The Yorkshire coalfield is one part of a continuous coal measure that spreads across Yorkshire, Derbyshire and Nottinghamshire. As the seams nearer the surface were exhausted, collieries were forced to delve deeper. But in 2015, as this book was published, the UK’s last deep coal mines were closing, with the remaining demand for coal in the country being met from imports instead.
The Yorkshire coalfield produced a greater output than any other single area in the UK since the First World War, and until the 1990s was still host to a number of large and highly efficient mines. The pits themselves, the communities that housed the miners, and the related industrial and transport infrastructure had their own distinctive atmosphere and ethos, most of which has now passed by. Spoil heaps and headgear, the obvious markers of the industry, and are now notable by their absence.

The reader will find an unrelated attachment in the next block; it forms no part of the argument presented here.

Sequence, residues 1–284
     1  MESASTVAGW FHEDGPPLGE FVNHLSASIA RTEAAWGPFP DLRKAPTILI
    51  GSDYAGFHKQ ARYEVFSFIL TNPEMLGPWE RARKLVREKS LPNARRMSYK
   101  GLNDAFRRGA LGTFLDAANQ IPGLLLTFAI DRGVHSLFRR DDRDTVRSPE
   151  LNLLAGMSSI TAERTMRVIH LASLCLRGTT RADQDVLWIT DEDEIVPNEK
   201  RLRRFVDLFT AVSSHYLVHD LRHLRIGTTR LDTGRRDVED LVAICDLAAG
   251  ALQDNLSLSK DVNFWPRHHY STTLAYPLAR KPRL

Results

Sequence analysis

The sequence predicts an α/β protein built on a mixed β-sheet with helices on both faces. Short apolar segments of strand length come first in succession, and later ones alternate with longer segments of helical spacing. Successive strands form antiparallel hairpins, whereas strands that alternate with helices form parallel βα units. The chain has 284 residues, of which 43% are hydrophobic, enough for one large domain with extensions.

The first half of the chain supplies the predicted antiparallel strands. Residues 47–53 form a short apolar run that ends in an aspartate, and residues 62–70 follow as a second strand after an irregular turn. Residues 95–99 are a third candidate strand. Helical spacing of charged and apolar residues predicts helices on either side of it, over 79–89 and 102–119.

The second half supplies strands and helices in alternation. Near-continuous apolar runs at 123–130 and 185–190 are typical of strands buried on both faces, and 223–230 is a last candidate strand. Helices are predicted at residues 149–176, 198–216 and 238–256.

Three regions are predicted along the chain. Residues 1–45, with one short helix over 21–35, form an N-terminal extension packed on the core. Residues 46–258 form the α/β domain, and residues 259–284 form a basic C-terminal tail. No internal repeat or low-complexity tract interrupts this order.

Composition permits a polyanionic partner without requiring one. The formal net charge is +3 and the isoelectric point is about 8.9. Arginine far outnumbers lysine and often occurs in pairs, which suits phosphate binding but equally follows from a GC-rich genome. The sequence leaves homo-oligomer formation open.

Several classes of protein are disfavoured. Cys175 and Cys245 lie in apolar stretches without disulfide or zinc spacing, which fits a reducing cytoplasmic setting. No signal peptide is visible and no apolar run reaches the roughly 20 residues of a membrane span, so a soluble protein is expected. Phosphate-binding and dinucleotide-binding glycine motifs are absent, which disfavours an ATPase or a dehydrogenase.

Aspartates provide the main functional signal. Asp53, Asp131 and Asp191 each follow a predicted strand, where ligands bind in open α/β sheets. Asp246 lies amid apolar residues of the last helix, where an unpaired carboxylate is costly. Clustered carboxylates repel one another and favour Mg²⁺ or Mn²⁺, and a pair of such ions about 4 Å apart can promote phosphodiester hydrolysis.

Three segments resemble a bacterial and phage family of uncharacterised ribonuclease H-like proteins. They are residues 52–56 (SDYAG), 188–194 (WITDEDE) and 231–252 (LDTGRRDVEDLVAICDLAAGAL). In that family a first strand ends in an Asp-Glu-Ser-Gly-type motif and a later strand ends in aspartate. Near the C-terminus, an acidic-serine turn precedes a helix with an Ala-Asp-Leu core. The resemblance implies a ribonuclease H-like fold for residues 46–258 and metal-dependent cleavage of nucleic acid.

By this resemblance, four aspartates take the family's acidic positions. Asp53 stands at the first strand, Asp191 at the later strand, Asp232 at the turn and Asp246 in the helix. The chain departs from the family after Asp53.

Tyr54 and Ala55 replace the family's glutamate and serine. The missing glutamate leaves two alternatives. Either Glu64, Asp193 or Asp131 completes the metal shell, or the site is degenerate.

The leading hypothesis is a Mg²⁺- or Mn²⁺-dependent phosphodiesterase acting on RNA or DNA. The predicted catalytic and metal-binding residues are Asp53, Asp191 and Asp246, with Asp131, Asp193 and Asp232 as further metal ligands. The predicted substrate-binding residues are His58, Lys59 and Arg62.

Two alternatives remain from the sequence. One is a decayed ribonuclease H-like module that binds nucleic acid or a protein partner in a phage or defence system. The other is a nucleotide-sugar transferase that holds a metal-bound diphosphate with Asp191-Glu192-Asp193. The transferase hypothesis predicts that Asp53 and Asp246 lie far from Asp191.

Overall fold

This large format book is a heavily illustrated photographic record of the vanishing remains of the Yorkshire collieries 1986-2015. The author was allowed access to photograph all the surviving Yorkshire collieries, both above and below ground, over a 30 year period. This pictorial record is supported by historical notes.
Anything written and produced by Steve Grudgings is going to be good but at first, I was rather sceptical at first of the title as too much has been produced on the coalfield, however, Steve provides superb colour and black and white photos, featuring mining scenes on the surface and underground with accompanying descriptions. It is a superb book with some 56 pits and five pumping are included, together with over 400 images of large and small collieries across the district. The publisher has produced a great job in a gloss paper with consistently high quality photos throughout.
The book can be obtained for £25.00 post free from Mike Moore Books
Reviewer: Mike Moore
|Publisher||Folly Books Ltd|
|Date Published||11 December 2015|